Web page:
I don’t understand my father sometimes. I love him so much. He has been an amazing father…
…but, the dude just can’t shake the addictions he has to junk food. He has diabetes and survived renal cancer in 2007. The renal cancer was linked to smoking for 45 years. The diabetes is from his horrible diet.
When I flew out from California to New England to visit my parents and brother this summer, I watched in horror as my father would sit down at the kitchen table and pour himself a bowl of Corn Pops and literally poured 1/2 can of condensed milk on top of them. Did I mention that he has diabetes? I asked him why he is eating like this and he repeatedly tells me that he just can’t shake his addiction to crap food. Intellectually, he knows that these foods (well, ‘unfoods’) are killing him, but he keeps on saying that his body is addicted and that at least he quit smoking (which I am proud of him for doing so).
Now, what I also need to share is that I keep on reading that black folk in the USA have higher rates of diseases, related to poor nutrition. I keep on reading that the urban poor black folk eat the way my father does because of food deserts, lack of access to their own land to grown their own food, lack of farmer’s markets, etc. If one is given better access to healthier foods and is taught how to grow their own food, their nutritional health will change dramatically. But here is the kicker…
…my father has lived in a rural area on 2.5 acres of his own land for the past 30 years. He has his own orchard and garden. I grew up with a man who knows how to grown just about anything in the zone that he lives.
Hazelnuts, chestnuts, watermelon, tomatoes, peaches, pears, apples, lettuce, squash, walnuts, pau pau, currants, blueberries, string beans, corn, asparagus, rose hips, and blackberries are the many beautiful foods that he grew and I ate like crazy while growing up. My father can tell you why he grows what he grow, and how it helps one’s health. For instance, he grows rose hips so he can get the best source of Vitamin C. He grows garlic for an immune booster. Below is a picture of one of his chestnut trees.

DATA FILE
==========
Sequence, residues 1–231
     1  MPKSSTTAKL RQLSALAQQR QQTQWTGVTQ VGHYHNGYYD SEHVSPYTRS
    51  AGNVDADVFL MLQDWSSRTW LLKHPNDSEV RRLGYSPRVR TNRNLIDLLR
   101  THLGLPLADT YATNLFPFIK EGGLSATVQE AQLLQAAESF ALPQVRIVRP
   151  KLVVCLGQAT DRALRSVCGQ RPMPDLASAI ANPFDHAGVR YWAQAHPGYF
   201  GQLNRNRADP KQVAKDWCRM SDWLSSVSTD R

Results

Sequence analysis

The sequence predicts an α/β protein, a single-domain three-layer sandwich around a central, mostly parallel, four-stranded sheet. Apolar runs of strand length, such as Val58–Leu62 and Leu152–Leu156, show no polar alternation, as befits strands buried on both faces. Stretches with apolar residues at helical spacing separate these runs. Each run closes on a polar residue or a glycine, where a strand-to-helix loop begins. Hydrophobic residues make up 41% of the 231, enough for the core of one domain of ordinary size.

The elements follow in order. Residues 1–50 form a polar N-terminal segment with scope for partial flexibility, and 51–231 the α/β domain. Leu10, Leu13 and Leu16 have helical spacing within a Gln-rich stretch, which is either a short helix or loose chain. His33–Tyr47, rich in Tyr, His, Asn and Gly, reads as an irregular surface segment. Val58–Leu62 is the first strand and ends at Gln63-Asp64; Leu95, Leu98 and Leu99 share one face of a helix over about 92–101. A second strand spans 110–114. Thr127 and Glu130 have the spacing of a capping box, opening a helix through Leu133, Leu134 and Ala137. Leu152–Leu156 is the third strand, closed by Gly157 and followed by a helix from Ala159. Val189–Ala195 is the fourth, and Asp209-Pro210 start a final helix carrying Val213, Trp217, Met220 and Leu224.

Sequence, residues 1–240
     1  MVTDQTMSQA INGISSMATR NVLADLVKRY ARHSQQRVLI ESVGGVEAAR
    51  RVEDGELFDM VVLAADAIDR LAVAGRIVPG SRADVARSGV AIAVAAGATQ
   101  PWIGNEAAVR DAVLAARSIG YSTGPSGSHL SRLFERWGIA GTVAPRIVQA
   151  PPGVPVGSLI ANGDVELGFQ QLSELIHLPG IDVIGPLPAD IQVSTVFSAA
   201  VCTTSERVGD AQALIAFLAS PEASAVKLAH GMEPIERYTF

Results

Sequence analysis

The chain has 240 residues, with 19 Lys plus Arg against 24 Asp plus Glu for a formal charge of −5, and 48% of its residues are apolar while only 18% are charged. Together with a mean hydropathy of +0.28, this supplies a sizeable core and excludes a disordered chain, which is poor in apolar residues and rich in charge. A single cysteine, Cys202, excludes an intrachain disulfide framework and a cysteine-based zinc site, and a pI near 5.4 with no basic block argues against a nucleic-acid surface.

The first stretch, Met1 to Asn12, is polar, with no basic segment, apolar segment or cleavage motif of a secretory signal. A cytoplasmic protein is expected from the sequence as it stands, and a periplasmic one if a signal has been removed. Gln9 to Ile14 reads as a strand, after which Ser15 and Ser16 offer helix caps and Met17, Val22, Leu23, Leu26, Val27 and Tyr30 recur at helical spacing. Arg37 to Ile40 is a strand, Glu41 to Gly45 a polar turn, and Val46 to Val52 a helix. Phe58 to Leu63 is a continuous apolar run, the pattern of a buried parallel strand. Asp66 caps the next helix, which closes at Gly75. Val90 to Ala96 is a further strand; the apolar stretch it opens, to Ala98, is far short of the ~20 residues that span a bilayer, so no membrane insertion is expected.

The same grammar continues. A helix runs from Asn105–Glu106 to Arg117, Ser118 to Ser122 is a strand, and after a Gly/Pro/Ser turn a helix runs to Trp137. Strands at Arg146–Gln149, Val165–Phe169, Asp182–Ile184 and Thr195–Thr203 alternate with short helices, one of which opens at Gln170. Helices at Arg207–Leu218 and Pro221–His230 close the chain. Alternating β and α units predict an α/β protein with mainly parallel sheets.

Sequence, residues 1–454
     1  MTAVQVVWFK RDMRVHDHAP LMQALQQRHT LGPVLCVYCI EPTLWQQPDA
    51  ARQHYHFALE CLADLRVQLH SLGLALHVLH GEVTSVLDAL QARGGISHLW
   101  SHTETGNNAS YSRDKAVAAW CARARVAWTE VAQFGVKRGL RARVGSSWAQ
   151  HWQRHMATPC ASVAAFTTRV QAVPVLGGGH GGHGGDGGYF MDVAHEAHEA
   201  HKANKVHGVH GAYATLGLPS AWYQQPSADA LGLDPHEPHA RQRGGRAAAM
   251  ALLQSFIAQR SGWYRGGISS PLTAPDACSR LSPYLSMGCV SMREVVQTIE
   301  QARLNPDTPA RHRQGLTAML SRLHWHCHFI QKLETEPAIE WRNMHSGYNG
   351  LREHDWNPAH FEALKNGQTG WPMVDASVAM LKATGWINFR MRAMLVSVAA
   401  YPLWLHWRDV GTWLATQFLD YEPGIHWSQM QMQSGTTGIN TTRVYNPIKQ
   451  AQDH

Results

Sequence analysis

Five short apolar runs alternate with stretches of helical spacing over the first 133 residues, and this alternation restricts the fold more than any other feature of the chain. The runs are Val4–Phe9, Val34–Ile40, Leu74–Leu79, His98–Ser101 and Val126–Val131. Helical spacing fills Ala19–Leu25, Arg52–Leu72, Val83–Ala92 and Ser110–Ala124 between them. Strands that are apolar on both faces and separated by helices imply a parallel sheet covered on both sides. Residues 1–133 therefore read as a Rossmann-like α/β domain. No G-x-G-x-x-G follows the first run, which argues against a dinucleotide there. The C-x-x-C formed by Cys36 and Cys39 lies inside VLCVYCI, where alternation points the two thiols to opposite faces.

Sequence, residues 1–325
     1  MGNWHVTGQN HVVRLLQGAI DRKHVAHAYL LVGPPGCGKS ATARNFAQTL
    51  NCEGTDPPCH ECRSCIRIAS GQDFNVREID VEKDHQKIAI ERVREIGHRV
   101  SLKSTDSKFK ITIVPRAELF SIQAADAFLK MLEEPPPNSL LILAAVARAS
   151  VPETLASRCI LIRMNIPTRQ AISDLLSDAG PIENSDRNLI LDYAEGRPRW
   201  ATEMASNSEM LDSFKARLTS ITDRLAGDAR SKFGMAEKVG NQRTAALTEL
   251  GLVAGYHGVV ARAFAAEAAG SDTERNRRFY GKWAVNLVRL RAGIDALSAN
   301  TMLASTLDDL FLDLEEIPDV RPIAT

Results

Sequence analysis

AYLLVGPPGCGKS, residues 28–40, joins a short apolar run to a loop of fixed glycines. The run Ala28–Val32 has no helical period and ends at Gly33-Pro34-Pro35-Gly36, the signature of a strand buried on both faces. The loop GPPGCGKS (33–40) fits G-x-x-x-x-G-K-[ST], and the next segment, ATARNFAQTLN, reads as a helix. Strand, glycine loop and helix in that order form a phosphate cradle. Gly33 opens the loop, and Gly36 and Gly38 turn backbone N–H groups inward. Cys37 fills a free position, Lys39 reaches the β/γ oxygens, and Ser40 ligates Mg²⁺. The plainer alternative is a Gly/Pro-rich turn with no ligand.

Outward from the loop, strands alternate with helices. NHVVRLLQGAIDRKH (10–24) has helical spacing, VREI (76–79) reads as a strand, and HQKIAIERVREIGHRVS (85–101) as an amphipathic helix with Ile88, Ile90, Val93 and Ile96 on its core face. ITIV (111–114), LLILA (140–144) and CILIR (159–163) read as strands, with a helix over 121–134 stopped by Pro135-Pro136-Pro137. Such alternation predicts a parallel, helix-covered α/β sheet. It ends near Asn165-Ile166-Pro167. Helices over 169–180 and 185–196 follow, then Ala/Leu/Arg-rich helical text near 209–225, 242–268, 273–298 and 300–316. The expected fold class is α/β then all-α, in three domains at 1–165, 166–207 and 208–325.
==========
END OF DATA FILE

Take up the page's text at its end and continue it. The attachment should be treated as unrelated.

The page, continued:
But sitting at the kitchen table with him, or looking at him eat Oreo cookies, a bag of pork rinds, and struggle with maintaining healthy sugar level, hypertension, and weight, you would never know that he is a master gardener, an expert in edible landscaping, and very knowledgeable when it comes to using herbalism. Obviously, despite having everything he needs to be healthier, he can’t kick his addictions to what I call, ‘death foods.’
I know he gets why I eat whole foods vegan diet. He always says that it’s healthy and if more people ate that way they could avoid diabetes, high blood pressure, obesity, etc.
It is incredibly painful to come home and open the cupboards and the pantry and see the ‘death foods’ that my father continues to eat. It breaks my heart when he consciously tells me, “I just can’t help it. My body is addicted to it.” The addictions are obviously incredibly strong, because despite having everything he needs to be nutritionally healthy, he isn’t doing it.
And I feel angry, and scared, and at a loss because I fear that my father will be like so many black men who die far younger than they should because they are addicted to these unfoods. His addiction must be incredibly difficult to overthrow, I guess. This man was able to quit smoking in 1 day, after his doctor told him, “You have diabetes. If you don’t stop smoking I am going to cut your legs off in a year.”
But sugar seems to be far more addictive than his Winstons, I guess. I can’t believe that Corn Pops, pork rinds, condensed milk are mightier than growing his own food; mightier than the fact that he intellectually knows what he should be eating; mightier than the 30 years worth of herbalism knowledge that he has.
Corns Pops continue to win. It must be some form of legal crack cocaine. How else do you explain it!?
Obviously, something more is needed to get people like my father to stop eating ‘death foods.’ I’m simply can’t find research or books that looks at how it is possible that despite having his own land, not living in poverty, being a Master gardener, people will still reach for that box of sugar coated sugar Kelloggs cereal.
Does anyone else have this experience with a loved one, or is my father an anomaly?